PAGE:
MORE evidence suggests breast-fed kids may be leaner

Tuesday, May 15th 2001, 12:00 am
By: News On 6

CHICAGO (AP) _ Two new studies add to the evidence that breast-fed infants may be less likely to become overweight later in childhood.

In a study by Harvard researchers, the longer infants were breast-fed, the less likely they were to be overweight in adolescence. In the second study, government researchers found that breast-fed infants tended to be leaner at ages 3 to 5 than formula-fed infants, but the duration of breast-feeding did not make much difference.

The studies, published in Wednesday's Journal of the American Medical Association, do not answer whether breast milk itself, the act of breast-feeding or socio-economic and lifestyle traits in the infants' mothers might explain the results.

The government study also suggests that other factors, including the mother's weight, are much more important determinants of a child's weight. It found that children were three times more likely to be overweight if their mothers were overweight.

``Obesity tends to run in families,'' said Mary Hediger, a biologist at the National Institute of Child Health and Human Development and lead author of the study. ``Whether or not that's modifiable by breast-feeding remains to be seen.''

She said that higher-income, better-educated women are more likely to breast-feed and that overweight women are less likely to breast-feed than normal-weight women.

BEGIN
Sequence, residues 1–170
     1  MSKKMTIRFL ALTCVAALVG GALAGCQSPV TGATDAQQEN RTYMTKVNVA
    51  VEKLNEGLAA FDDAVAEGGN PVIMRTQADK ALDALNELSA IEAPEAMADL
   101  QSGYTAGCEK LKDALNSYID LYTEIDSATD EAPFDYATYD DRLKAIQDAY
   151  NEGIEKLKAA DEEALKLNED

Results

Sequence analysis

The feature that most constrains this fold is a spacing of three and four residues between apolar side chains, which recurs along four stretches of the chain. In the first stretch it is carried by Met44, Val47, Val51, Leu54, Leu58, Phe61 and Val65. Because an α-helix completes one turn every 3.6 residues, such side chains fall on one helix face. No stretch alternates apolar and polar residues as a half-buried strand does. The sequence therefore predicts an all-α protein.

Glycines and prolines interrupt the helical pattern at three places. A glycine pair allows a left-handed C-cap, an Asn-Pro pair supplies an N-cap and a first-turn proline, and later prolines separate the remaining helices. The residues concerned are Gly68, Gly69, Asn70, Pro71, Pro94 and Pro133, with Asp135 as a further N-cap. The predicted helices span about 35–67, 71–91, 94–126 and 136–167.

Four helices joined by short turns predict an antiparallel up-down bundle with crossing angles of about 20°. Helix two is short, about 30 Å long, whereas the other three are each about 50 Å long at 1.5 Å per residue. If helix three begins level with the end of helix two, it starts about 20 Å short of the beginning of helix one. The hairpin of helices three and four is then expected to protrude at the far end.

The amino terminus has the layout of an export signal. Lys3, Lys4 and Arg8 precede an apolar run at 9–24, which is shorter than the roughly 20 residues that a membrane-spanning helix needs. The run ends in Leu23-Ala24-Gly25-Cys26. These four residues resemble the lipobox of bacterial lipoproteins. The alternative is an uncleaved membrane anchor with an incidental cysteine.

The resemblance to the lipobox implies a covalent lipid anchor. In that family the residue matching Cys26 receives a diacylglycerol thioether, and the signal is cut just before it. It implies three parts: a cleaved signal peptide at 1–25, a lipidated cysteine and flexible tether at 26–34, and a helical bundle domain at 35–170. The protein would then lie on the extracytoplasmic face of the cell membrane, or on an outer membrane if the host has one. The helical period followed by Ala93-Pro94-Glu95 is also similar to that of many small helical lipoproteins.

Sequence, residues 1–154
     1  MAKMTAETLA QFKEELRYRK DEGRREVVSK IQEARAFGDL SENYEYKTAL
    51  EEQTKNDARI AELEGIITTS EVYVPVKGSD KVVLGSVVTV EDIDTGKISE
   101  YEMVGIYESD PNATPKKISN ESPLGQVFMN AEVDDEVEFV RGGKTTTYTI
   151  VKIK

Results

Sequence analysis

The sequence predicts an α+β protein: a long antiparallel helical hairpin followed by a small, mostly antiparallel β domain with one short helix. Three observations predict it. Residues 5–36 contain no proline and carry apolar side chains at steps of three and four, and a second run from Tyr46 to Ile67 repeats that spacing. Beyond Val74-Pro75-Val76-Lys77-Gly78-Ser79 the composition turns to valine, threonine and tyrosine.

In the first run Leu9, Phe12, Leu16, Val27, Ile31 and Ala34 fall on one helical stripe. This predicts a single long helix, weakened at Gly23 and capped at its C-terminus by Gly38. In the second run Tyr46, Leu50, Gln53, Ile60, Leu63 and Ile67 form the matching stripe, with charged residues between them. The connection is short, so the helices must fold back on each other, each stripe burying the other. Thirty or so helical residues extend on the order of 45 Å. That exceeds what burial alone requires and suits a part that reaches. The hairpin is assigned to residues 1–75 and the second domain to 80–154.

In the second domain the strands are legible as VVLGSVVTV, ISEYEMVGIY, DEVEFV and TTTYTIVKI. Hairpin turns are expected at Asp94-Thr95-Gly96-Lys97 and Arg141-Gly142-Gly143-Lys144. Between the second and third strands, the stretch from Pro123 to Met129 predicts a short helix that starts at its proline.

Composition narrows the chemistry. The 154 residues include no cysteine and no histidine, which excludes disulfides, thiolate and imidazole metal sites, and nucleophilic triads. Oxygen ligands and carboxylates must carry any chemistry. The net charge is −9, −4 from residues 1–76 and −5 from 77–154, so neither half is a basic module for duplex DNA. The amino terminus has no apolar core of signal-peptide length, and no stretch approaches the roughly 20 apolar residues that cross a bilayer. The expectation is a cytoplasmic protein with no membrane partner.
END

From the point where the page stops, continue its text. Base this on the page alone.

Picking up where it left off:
Her study is based on 1988-94 data from a nationally representative government survey. The researchers also interviewed the mothers of 2,685 children and gave the youngsters physical exams when they were ages 3 to 5.

Children who were breast-fed as infants were 16 percent less likely to be overweight.

The Harvard researchers questioned 15,341 children ages 9 to 14 and their mothers in 1996 and 1997. Youngsters who were breast-fed more than formula-fed were about 20 percent less likely to be overweight than children fed only or mostly formula. The link was weakened slightly when mothers' weight was factored in.

Lead author Dr. Matthew Gillman theorized that breast-fed babies learn to ``self-regulate'' food intake better than formula-fed infants because they may have better control over stopping feeding when they are full.

By contrast, parents who use formula may see an unfinished bottle and try to induce their infants to drink more, unwittingly encouraging them to ignore their bodies' own hunger cues. That could raise the risk of weight problems later on.

The American Academy of Pediatrics recommends that babies get only breast milk during their first six months, except in rare cases. After that, other foods may be introduced, but breast-feeding should continue at least until age 1, it says.

In an accompanying editorial, Dr. William Dietz of the Centers for Disease Control and Prevention said the studies suggest that breast-feeding may offer at least some protection against obesity, an epidemic that requires urgent solutions.

Breast milk, ``already acknowledged as the best food for infants,'' may provide a ``low-cost, readily available strategy,'' Dietz said.